- 2001-2002: Worked for water utility on island of Dominica as a project engineer during construction phase of major water and sewerage treatment plant project.

- 2002-2003: Joined Colgate-Palmolive (CP-Dominica) as the engineering services manager for the manufacturing plant/subsidiary in Dominica. Managed project and maintenance teams of approx. 30 people.

-2003-Present: Left CP-Dominica to return to the US to work. Joined Con Edison (gas & electric) utility in New York. Currently work as a customer project manager monitoring, controlling and overseeing major gas and electric service projects. No direct reports, but coordinate work of others.

Before I took the GMAT, I was thinking that I would target NYU's part time program, which would allow me to remain working at Con ED. Based on my score, my credentials and the fact that I am an under-represented minority (Does this still matter? I am a US legal permanent resident, so I get to indicate that I am US black when I apply to schools), I am now thinking that maybe I should target top full-time programs.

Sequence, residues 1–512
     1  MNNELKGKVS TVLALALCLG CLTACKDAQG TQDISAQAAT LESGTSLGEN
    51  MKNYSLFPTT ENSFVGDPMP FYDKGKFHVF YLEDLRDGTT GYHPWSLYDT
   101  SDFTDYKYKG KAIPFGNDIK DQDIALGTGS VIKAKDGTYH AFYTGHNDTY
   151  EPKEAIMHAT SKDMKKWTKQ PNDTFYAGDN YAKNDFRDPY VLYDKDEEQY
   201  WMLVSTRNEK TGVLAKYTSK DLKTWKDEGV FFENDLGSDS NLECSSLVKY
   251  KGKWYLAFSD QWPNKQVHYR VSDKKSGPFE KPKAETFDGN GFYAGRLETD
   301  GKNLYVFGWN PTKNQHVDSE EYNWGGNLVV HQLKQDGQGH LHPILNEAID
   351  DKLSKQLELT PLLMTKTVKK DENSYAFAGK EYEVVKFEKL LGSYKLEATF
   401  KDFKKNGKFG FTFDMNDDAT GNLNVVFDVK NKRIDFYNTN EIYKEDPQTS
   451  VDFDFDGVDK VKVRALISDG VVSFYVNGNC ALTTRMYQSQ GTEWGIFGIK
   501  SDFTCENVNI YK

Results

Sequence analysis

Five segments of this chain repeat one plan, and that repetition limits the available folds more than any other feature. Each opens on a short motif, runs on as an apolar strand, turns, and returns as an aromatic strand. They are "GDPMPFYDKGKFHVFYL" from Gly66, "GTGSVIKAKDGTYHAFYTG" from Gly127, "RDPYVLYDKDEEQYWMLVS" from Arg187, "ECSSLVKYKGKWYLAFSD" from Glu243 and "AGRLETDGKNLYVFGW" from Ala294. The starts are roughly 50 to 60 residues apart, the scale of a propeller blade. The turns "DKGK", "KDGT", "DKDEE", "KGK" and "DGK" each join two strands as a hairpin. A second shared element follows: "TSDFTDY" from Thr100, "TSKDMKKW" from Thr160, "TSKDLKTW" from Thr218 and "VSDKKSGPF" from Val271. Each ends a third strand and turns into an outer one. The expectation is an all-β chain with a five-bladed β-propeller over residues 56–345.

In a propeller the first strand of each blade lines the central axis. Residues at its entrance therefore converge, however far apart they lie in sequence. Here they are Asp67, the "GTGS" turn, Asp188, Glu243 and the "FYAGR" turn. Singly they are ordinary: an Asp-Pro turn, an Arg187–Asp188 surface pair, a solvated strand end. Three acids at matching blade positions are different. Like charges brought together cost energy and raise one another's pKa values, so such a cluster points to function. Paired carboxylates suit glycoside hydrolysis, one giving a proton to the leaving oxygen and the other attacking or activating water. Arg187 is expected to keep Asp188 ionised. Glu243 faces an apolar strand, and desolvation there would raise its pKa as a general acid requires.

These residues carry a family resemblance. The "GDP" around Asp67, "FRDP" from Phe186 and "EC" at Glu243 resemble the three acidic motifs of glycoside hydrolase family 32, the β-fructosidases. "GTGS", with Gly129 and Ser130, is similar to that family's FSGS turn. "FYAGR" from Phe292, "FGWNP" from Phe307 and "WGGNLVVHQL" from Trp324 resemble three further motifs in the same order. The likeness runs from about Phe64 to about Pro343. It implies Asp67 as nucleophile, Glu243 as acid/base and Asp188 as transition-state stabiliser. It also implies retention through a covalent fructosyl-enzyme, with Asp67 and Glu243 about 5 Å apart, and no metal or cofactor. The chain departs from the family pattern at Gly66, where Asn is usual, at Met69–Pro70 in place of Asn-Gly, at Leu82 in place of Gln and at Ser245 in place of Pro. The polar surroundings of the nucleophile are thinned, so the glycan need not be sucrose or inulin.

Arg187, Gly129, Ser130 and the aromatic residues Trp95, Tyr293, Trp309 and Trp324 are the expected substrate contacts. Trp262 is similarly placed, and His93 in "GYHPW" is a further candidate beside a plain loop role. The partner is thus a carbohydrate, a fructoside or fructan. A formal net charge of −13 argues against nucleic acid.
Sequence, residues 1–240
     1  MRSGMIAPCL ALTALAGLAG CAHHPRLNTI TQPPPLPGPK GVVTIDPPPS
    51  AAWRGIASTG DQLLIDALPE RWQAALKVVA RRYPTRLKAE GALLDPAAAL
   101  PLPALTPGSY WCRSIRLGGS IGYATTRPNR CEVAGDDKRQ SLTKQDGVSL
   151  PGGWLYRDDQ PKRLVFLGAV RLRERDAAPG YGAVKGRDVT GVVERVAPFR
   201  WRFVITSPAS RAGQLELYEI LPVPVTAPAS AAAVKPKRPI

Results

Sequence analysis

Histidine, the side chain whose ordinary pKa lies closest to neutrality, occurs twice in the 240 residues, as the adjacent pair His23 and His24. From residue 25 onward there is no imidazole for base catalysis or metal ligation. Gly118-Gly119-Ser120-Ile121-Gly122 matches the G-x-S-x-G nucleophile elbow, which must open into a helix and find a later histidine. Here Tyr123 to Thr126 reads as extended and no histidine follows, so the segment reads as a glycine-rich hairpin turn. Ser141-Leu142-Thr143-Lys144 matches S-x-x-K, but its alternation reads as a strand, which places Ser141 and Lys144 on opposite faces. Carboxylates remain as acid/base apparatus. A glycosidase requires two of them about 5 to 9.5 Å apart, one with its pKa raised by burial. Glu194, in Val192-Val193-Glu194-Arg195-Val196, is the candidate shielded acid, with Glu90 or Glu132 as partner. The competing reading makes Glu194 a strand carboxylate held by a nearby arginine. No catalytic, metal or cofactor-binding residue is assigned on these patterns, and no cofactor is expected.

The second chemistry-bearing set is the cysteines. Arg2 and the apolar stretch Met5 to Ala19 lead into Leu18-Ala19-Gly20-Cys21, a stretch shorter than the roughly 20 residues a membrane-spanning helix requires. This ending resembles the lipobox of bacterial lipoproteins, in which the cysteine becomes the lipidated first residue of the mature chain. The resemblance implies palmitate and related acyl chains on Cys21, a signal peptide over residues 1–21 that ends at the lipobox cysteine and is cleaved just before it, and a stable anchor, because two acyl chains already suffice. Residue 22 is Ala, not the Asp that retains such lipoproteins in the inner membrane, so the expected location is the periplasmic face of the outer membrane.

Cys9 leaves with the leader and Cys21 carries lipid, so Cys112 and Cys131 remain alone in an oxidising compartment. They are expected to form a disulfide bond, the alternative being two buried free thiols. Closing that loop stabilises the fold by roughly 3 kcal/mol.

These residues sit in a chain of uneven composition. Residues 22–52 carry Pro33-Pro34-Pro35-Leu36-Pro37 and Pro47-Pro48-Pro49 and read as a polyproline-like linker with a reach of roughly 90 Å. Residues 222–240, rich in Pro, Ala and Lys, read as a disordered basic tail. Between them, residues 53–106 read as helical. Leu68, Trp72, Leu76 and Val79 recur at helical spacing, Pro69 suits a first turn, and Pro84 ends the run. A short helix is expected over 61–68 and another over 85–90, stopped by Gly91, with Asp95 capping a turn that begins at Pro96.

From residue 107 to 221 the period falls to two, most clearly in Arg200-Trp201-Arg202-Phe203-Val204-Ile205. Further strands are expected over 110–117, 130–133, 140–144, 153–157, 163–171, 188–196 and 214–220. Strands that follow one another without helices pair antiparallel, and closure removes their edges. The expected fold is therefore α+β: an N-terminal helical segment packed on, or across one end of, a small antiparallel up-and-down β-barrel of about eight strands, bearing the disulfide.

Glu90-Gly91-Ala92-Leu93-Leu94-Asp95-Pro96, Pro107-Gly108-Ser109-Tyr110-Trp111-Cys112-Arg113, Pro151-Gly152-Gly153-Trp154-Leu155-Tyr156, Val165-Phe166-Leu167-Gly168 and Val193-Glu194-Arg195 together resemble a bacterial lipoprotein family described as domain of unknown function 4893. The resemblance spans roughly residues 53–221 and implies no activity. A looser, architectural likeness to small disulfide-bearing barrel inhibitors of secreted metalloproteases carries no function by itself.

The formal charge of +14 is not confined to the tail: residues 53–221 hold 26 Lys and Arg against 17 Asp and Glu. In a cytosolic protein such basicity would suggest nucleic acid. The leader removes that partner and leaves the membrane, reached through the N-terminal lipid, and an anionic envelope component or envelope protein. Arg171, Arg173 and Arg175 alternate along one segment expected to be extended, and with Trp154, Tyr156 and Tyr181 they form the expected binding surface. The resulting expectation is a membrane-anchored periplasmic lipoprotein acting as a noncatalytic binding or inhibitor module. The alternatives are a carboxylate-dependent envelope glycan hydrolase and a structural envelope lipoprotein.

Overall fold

I need to weigh the cost benefit though. I would have to forego two years of income - which currently stands at $85,000 annually - and, most likely would need to indebt myself by an additional $40,000 or so in student loans.

I guess my first question to you is, what are my chances of acceptance to a top 5 school, specifically Wharton or Harvard?

You have a competitive profile for both schools and good chances of acceptance, although Harvard tends to go more for younger applicants. You should also consider Stanford (unless you want to go to some place new), MIT, and Kellogg.